"Studies on Methods to Stabilize and Increase Food Crop Production in the Marginal Rainfall Areas of Kenya

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Date
1978
Authors
Stewart J.I
Wang'ati F.J
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Abstract
Over 80 percent of Kenya’s population derive, their livelihood from agriculture and related enterprises. Unfortunately only 15% of the land area receives 800 mm or more annual rainfall, and most of this land is already under intensive agriculture, (Figure 1). The remaining land area is classed as marginal in varying degree for unirrigated agriculture as a result or low and erratic rainfall. Nevertheless, it supports an estimated 4 million people out of a total of 14 million. At the current rate of growth, it is estimated that the resident population in marginal land! will increase :.e to over 10 million by the year 200o,plus substantial immigration from the high rainfall areas where land for tillage is now a major limiting factor. The task of feeding such a population will constitute a' major economic and social problem for the government unless viable farming systems for the dry lands can be developed. A major component of such a farming system is the development of a cropping system that maximises water use efficiency on the farm. This is the background of the research project reported in this paper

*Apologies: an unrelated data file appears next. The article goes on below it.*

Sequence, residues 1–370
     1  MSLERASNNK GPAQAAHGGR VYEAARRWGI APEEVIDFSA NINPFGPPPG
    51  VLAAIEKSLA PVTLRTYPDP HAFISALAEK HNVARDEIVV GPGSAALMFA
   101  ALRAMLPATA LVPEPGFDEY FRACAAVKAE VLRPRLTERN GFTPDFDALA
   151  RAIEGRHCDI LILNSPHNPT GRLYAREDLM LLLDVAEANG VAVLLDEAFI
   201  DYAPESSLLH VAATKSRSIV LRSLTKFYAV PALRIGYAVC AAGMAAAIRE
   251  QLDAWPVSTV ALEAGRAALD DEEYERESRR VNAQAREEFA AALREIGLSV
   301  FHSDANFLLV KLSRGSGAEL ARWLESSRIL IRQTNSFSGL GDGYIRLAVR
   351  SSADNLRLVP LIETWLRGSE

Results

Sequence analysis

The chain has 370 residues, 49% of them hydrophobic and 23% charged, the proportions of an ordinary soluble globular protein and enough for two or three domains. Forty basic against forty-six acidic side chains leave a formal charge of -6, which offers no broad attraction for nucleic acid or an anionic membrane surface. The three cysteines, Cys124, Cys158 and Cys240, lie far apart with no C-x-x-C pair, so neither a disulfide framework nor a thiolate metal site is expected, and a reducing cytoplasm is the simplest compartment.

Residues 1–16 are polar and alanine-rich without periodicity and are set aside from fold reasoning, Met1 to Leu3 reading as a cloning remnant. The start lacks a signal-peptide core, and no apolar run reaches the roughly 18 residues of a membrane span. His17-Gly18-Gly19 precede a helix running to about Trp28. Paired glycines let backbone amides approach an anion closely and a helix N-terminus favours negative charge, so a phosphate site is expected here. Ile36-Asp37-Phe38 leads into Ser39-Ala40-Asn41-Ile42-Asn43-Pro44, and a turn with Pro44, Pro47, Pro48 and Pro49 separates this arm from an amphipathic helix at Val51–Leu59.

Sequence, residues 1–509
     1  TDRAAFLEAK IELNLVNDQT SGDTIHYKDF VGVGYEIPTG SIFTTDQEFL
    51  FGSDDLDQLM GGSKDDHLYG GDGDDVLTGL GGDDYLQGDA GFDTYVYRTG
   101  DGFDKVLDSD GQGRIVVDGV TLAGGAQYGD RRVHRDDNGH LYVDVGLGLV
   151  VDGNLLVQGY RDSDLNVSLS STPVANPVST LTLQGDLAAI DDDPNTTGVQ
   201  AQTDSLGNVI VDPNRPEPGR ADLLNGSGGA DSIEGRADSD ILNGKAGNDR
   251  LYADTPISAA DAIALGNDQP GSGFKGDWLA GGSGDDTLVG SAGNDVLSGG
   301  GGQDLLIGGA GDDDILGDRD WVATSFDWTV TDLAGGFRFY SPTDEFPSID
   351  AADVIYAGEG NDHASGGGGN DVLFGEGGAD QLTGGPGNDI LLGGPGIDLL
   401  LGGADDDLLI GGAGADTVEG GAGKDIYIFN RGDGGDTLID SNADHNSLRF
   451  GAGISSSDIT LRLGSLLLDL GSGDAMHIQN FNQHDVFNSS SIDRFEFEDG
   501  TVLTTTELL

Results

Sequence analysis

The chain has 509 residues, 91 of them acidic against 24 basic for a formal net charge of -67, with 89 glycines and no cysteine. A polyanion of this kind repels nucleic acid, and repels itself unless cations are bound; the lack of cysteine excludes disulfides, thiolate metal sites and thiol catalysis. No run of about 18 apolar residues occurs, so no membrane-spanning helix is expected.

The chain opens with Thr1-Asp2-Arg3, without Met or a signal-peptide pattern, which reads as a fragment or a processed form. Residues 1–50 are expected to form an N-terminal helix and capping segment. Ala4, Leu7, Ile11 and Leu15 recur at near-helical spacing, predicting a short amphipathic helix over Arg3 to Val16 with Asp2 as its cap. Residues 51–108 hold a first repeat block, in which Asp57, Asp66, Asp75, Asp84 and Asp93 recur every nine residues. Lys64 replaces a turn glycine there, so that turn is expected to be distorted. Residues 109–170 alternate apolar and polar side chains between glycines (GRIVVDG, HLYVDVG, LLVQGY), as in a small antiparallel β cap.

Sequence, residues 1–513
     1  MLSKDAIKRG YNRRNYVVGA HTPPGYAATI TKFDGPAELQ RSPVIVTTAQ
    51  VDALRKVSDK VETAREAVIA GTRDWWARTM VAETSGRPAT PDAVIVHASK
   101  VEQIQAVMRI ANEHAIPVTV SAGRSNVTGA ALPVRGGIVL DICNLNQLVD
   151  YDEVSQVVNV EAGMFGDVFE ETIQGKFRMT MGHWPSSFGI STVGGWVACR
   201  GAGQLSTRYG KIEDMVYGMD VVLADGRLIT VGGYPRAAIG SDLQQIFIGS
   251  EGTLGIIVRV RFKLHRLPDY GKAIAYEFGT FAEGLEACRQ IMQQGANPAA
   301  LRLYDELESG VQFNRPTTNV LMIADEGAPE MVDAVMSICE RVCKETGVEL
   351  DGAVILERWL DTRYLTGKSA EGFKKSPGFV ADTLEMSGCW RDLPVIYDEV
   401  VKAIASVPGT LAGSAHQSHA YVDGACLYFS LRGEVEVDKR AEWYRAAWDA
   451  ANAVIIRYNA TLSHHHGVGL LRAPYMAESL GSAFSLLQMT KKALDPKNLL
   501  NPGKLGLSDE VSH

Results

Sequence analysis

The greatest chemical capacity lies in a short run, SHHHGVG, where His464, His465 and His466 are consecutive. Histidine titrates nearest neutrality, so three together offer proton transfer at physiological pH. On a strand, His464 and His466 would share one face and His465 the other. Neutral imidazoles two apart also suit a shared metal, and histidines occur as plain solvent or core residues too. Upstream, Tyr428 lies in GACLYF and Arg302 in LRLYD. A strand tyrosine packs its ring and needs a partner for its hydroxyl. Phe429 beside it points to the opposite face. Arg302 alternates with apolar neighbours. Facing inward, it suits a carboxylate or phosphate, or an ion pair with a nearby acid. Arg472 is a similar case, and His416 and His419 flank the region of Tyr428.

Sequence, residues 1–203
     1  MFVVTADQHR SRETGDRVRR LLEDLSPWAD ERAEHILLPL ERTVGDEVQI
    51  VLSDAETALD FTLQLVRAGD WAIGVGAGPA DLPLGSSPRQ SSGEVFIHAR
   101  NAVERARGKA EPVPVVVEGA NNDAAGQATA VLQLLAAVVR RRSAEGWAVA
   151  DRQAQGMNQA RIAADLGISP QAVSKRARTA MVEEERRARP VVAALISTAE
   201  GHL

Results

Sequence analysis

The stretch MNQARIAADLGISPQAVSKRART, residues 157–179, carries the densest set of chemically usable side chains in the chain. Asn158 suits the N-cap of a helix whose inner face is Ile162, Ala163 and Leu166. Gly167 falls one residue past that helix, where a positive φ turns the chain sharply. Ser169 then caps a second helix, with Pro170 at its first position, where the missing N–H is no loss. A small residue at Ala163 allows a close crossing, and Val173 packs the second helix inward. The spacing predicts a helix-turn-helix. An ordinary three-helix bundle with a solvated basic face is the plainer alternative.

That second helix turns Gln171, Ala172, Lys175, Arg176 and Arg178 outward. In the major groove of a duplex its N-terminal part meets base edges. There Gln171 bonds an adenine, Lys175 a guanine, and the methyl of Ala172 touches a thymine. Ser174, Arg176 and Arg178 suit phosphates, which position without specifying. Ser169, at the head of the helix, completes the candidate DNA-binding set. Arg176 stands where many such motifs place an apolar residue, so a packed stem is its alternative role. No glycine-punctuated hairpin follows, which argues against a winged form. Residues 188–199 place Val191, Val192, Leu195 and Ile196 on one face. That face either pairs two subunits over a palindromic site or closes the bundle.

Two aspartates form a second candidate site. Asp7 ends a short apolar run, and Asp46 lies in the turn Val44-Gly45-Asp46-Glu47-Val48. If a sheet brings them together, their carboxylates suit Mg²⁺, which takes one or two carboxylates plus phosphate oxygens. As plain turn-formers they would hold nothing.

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East African Agricultural And Forestry Journal, p. 1-18
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